At local post offices around the country, distribution cases like this were a familiar sight for decades. Standing behind a case like this, postal employees sent each piece of mail along a different path—to a postal carrier, post office box, general delivery, or others.
This case belonged to John T. Jackson who served as postmaster of Alanthus, Virginia, for 49 years. Jackson, an African American, was appointed as postmaster in 1891 at the age of 29. He retired on January 31, 1940 and his wife, Lille, served as postmaster until the office was closed seven months later. The distribution case is on display in the exhibit, “Systems at Work,” as an example of mail processing techniques of the late 19th century.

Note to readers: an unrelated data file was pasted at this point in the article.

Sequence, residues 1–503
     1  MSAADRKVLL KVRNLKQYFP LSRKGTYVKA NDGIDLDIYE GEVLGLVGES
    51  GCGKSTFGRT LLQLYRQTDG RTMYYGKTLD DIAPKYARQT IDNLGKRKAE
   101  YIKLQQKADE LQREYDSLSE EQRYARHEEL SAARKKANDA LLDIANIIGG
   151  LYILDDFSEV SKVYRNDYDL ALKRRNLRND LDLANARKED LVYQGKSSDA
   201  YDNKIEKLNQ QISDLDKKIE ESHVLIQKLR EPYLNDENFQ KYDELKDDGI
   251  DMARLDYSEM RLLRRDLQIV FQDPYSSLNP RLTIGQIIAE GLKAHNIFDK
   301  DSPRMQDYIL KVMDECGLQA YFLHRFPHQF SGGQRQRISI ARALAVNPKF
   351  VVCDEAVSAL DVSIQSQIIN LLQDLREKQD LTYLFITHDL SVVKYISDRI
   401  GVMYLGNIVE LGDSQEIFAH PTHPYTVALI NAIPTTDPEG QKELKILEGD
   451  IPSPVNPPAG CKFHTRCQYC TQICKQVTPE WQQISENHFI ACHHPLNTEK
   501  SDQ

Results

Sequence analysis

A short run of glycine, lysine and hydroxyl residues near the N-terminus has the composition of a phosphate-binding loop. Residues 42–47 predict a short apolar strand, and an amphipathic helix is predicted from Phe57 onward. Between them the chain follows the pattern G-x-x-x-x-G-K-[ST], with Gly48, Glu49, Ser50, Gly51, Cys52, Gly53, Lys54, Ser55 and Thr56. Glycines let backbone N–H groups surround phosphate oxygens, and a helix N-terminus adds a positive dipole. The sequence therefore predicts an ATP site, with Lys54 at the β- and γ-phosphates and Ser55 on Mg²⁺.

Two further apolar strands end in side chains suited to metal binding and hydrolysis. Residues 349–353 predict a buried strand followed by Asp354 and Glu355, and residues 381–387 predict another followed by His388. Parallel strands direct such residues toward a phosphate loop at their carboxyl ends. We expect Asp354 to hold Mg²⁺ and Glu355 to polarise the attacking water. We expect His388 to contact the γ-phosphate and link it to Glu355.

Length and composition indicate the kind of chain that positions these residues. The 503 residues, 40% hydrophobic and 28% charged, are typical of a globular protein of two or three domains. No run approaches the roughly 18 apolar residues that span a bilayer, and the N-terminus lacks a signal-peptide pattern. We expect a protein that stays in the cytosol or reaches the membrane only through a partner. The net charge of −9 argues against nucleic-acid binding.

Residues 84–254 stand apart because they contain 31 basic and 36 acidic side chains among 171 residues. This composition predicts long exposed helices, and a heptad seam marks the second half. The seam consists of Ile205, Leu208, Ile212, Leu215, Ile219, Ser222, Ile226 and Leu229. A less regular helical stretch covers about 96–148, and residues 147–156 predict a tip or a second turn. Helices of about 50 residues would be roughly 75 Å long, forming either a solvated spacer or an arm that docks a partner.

The wooden case has metal mesh covering a central window. On either side of the main window are 30 panels for holding mail – glass on the outside for patrons to view, but not grab, their mail. A metal mail slot below the central window allowed a spot for people to post their stamped mail if the postmaster was not there.
The Alanthus post office was a fourth-class postal station, which meant that Jackson’s postal salary was in reality a commission determined by the funds that came into his office for postage and other postal products.
Fourth-class postmasters were usually merchants who enjoyed holding the office not for its low pay, but for its ability to attract business to their stores. As people visited the post office window, they also spent time shopping in the store. Jackson was no different, making a larger income from his work as a merchant than as a postmaster.
Written by Nancy A. Pope
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